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To Hide (or Show) any of the Toolbars:


Choose View > Toolbars > [name].

The designated Toolbar either disappears or reappears and the script window resizes accord-
ingly. A checkmark on the menu indicates that a Toolbar is active.

Customize
The contents of the Toolbars can be customized and repositioned anywhere in the Final Draft
window.

To customize the Toolbars:


Choose View > Toolbars > Customize
- or -
Tools > Customize.

The Customize dialog appears:

Toolbars Tab
Contains options for determining the look of the Toolbars and to create new ones.

Toolbars List
Contains all the available Toolbars. By default, Default enabled. Custom Toolbars will be
listed here after they are created. All Toolbars may be shown by checking the box next to
their name.

Show Tooltips
Toggles the names of all buttons when the mouse arrow passes over them. Default is
enabled.
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Large Buttons
Toggles the appearance of all the buttons. Default is Large.
LARGE BUTTONS (DEFAULT)

SMALL BUTTONS

Toolbar Name
Displays the currently selected Toolbar. The name can be changed, if desired.

Reset Button
Reverts to the previous setup.

Buttons Tab

Categories
Lists all of Final Draft’s buttons in separate categories.

Buttons
Each category’s buttons, shown as icons. When a customized toolbar is created (see below),
the desired commands will be selected here and dragged to the toolbar.
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Description
Explains the function represented by a button. Select a button and the description appears.
For example:

Keyboard Tab
Contains options for setting shortcut keys for all the menu commands.

To check or set shortcuts:


1 Select a menu command from the list, Documents:Insert Bookmark, for example.

The current shortcut (if any) appears in the Assigned Shortcuts area. A brief explanation
appears in the Description area.

2 Click Delete to remove an existing shortcut.

3 Click New and the Assign Shortcut dialog appears:


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299 - Toolbars

4 Press the key combination for the new shortcut. It appears in the text area, similar to:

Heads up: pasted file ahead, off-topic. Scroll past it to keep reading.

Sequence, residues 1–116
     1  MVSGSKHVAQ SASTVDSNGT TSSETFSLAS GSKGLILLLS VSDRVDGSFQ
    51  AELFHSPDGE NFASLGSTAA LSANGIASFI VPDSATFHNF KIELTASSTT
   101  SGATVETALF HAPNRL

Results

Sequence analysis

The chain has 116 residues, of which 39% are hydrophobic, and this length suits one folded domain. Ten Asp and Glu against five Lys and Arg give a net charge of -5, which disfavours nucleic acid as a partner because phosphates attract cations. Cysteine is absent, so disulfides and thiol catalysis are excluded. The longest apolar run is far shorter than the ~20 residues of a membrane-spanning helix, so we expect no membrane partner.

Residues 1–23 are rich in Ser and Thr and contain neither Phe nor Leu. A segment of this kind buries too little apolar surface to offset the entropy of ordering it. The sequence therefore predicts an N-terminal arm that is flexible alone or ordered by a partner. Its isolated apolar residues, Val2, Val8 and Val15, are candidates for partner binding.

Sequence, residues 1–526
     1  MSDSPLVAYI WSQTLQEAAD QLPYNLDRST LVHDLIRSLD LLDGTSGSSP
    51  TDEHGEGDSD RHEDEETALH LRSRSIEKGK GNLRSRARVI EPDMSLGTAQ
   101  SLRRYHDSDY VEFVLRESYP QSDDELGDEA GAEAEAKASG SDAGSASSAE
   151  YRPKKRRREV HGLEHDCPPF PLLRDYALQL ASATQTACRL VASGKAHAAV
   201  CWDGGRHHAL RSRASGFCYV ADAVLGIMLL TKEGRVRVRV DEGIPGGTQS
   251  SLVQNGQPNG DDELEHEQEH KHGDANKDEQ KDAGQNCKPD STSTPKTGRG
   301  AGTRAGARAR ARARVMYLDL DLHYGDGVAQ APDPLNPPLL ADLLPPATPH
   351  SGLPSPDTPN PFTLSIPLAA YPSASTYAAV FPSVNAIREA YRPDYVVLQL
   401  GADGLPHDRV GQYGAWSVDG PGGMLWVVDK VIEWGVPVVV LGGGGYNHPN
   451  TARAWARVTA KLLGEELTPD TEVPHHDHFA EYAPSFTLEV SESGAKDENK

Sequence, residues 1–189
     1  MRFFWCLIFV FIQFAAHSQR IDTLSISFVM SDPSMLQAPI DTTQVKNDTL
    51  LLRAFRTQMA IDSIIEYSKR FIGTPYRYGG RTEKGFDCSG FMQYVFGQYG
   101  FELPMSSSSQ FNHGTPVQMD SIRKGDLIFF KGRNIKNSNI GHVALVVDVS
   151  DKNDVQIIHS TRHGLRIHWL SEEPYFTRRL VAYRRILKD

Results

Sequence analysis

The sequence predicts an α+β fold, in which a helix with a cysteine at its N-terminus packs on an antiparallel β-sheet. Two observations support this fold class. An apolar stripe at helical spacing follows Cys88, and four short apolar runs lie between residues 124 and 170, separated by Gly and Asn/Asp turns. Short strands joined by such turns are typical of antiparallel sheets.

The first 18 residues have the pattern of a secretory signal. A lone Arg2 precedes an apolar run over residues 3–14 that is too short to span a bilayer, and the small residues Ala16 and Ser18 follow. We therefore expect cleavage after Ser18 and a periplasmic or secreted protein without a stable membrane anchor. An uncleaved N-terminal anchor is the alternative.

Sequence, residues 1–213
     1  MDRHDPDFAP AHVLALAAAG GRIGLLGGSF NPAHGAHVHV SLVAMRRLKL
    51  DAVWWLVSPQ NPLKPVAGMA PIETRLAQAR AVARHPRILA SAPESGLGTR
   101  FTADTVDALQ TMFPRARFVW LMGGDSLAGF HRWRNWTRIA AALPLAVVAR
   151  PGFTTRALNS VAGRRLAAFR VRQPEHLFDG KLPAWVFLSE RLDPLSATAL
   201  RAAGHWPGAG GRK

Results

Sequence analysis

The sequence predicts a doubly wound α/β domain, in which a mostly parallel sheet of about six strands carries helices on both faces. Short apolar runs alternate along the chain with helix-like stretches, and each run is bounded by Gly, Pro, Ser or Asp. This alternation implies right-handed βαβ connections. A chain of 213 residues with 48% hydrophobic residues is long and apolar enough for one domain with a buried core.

If the combination is currently assigned to another command, a warning notice will appear in
the dialog similar to:

5. Click OK. The new shortcut appears in the Assigned Shortcuts area.

To set the commands to the default shortcuts:


Click Reset All.
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Modifying Toolbars
The Default, Script and any Custom Toolbars may have their contents changed.

To remove items from any toolbar:


1 Choose View> Toolbars [Submenu] > Customize > Toolbars tab.

2 On the Toolbar, click and drag an item off the Toolbar.

3 Release the mouse button.

The selected item will be removed and the Toolbar size adjusted. For example:
BEFORE AFTER

To revert the default Toolbars to their original contents:


1 Choose View> Toolbars [Submenu] > Customize > Toolbars tab.

2 Select the Toolbar to be reverted.

3 Click Reset.

The selected toolbar will revert to its default contents in their original order.

NOTE NOTE: Custom Toolbars must be rebuilt manually, they cannot be reset automatically.

Creating Custom Toolbars


To create a new, customized Toolbar:
1 Choose View> Toolbars [Submenu] > Customize > Toolbars tab.

2 Click New and the word New Toolbar appears as the Toolbar Name:
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301 - Toolbars

3 Enter a name in the text area.

In the following, a toolbar was created named “Quick.” The Customize dialog now appears as:

The new, empty toolbar appears:

4 Click the Buttons tab.

5 Choose the Category desired.

6 Select a button icon and drag it to the new toolbar, and then some more, similar to:

7 Release the mouse button.

8 When finished adding buttons, click OK.

The Custom toolbar may be resized/moved anywhere in the script window.

To remove a custom toolbar:


1 Choose View > Toolbars [Submenu] > Customize > Toolbar tab.

2 Select the custom toolbar.

3 Click Delete.

The toolbar is deleted (there is no confirmation dialog).


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Repositioning and Resizing Toolbars


To reposition any toolbar:
Click and drag the toolbar to the desired location.

When a toolbar is moved from its default position, it becomes a floating window which
includes a name and a Close box.

To return a toolbar to its default location:


Click and drag the toolbar below the Menu Bar.

It will be “docked” and moved into position automatically.

NOTE NOTE: Docking is not always perfect and it may require additional adjustment.

To resize any Toolbar:


1 Detach the toolbar from its default position (see above).

2 Click and drag the toolbar from any of its corners to the desired size. The Toolbar buttons
move appropriately, but retain their order.